Domestic Abuser Loses Fight for Gun Rights

     WASHINGTON (CN) - A Tennessee man once convicted of injuring his girlfriend must face weapons charges based on a federal law that includes him as a domestic abuser, the Supreme Court ruled Wednesday.
     While felons have long been barred from possessing guns, many perpetrators of domestic violence are convicted only of misdemeanors, the court noted. Their crimes meanwhile often escalate in severity over time, and the presence of a firearm increases the chances of a homicide.
     Congress sought to close this loophole in gun-control laws with Section 922(g)(9) of Title 18 - forbidding the ownership of firearm making it a crime for anyone convicted of "a misdemeanor crime of domestic violence."
     Federal authorities sought to prosecute James Alvin Castleman under this law, among others, in 2008 based on evidence that he was selling firearms on the black market.
     Seven years earlier, Castleman had pleaded guilty to the misdemeanor offense of having "intentionally or knowingly cause[d] bodily injury to" the mother of his child.
     He sought to dismiss the 922(g)(9) charges by claiming that his 2001 conviction lacked use of physical force as an element, meaning that it did not qualify as a "misdemeanor crime of domestic violence."
     A federal judge and the 6th Circuit sided with Castleman, noting that Tennessee's overly broad definition of domestic violence injury includes anything from an abrasion to one requiring medical care.
     After taking up the case in October, the Supreme Court was unanimous in reversing Wednesday.
     The ruling opens with assertion that "the degree of force that supports a common-law battery conviction" satisfies the requirement of "physical force."
     "Whereas the word 'violent' or 'violence' stand­ing alone 'connotes a substantial degree of force,' that is not true of 'domestic violence,'" Justice Sotomayor wrote for the court.
     Citing a 2000 report by the Justice Department on violence against women, the decision goes on to note that "most physical as­saults committed against women and men by intimates are relatively minor and consist of pushing, grabbing, shoving, slapping, and hitting."
     It is easy to de­scribe such acts as "domestic violence," however, when they accumulate over time and put one intimate partner under the control of the other, the decision states.
     "If a seemingly minor act like this draws the attention of authorities and leads to a successful pros­ecution for a misdemeanor offense, it does not offend common sense or the English language to characterize the resulting conviction as a 'misdemeanor crime of domestic violence,'" Sotomayor wrote.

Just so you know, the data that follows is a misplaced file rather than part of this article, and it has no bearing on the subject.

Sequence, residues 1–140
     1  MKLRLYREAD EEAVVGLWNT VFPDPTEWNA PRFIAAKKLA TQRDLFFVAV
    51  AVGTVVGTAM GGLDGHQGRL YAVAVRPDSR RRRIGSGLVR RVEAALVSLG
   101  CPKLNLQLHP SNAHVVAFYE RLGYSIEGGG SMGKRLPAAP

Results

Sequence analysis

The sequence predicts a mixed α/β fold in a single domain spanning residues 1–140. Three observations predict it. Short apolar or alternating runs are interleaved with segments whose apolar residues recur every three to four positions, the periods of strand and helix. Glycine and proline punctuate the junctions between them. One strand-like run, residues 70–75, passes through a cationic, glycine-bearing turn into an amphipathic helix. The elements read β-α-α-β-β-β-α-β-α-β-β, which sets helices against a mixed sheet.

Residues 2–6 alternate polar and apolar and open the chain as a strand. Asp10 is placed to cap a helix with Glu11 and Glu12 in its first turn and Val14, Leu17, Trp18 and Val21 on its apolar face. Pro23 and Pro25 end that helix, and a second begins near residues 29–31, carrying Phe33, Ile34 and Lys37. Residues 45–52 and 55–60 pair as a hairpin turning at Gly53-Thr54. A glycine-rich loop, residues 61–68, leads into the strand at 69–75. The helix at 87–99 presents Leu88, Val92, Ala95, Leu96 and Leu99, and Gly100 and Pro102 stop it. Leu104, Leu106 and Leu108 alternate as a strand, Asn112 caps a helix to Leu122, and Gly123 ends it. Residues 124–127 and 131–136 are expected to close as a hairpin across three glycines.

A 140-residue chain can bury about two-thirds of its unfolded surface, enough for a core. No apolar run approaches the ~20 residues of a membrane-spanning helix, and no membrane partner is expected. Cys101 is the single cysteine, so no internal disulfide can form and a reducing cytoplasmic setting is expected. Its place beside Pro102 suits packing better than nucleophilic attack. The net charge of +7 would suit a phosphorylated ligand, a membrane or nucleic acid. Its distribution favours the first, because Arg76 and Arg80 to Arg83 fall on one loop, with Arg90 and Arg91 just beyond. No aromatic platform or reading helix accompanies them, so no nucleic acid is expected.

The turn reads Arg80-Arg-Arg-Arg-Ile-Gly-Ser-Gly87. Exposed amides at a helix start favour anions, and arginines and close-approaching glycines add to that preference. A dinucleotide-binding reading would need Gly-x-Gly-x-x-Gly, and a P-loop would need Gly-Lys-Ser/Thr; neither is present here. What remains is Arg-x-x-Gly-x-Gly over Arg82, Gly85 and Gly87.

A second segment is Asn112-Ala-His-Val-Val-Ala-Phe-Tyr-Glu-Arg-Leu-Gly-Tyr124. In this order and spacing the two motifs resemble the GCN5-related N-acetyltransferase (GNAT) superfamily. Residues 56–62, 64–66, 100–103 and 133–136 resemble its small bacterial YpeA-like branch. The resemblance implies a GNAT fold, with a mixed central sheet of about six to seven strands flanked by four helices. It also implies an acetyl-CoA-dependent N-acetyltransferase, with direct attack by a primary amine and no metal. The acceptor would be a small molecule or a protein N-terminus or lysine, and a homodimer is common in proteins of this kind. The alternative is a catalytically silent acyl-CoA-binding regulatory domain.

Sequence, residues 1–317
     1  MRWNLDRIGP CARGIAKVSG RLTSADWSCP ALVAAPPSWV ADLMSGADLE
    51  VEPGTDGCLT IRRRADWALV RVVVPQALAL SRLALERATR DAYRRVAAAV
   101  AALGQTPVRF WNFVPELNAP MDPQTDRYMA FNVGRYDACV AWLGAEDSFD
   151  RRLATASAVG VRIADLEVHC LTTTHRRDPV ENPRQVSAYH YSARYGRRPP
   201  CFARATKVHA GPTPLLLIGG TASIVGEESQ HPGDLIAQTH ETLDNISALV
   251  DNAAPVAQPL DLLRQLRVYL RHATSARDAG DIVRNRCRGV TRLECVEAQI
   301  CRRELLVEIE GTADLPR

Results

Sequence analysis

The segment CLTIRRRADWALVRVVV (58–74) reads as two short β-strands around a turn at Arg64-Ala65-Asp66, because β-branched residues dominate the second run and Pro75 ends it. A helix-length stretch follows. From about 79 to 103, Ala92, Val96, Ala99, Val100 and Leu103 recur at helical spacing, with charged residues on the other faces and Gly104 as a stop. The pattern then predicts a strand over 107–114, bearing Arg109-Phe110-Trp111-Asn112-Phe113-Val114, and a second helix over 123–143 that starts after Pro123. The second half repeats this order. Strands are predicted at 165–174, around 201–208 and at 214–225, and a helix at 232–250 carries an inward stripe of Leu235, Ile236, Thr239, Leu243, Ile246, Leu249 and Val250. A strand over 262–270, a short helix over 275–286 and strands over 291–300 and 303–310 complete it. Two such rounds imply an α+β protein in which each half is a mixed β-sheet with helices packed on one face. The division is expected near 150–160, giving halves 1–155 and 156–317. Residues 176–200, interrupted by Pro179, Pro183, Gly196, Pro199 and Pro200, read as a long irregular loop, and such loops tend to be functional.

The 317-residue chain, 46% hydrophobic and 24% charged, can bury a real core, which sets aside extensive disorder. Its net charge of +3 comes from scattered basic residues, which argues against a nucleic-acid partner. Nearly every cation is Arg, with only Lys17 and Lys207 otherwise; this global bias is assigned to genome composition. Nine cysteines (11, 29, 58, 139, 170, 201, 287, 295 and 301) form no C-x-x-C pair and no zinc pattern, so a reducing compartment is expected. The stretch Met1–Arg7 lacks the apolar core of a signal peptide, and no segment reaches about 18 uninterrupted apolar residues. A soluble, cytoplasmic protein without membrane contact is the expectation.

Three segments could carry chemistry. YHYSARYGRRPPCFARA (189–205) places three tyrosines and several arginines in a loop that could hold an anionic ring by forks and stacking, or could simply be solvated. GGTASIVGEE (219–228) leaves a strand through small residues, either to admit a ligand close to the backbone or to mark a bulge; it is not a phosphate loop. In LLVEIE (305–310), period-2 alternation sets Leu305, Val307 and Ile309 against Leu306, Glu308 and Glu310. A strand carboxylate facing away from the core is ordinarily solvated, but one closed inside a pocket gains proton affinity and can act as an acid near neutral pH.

The court also emphasized that, in the case of Castleman's victim, a "bodily injury" must result from "physical force."
     Whether or not an injury such as an abrasion or bruise constitutes violent force is immaterial because "these forms of injury do neces­sitate force in the common-law sense," Sotomayor wrote.
     The justices scoffed at Castleman's logic that would purportedly mean "that pulling the trigger on a gun is not a 'use of force' because it is the bullet, not the trigger, that actually strikes the victim."
     Concurring in part and in judgment, Justice Antonin Scalia said he reached the conclusion on narrower grounds.
     Scalia said his colleagues when too far in treating "any offensive touching, no matter how slight, as sufficient" to meet the requirements.
     "That expansive common-law defini­tion cannot be squared with relevant precedent or statutory text," Scalia wrote.
     Justices Samuel Alito and Clarence Thomas also concurred in judgment, focusing exclusively on how the court treated "physical force" in the 2010 opinion Johnson v. United States.
     "In my view, the meaning of the contested statutory language is the same now as it was four years ago in Johnson, and therefore, for the reasons set out in my Johnson dissent, I would not extend the reasoning of Johnson to the question presented here, on which the Johnson court specifically reserved judgment," Alito wrote.
     Mayors Against Illegal Guns, a bipartisan coalition founded by former New York City Mayor Michael Bloomberg and former Boston Mayor Thomas, said the decision makes women and children safer.
     "The court wisely rejected the attempts by the Washington gun lobby to arm the very people who should not have guns in their hands and instead, stood with women, children and the law enforcement officers who protect them," Mayors Against Illegal Guns chairman John Feinblatt said in a statement.
     Moms Demand Action for Gun Sense in America founder Shannon Watts meanwhile noted that a ruling for Castleman would have given gun rights to "tens of thousands of dangerous convicted batterers.
     "It's all part of a concerted effort by the gun lobby, through our courts and in our state legislatures, to make it easier for domestic abusers to have guns," Watts added.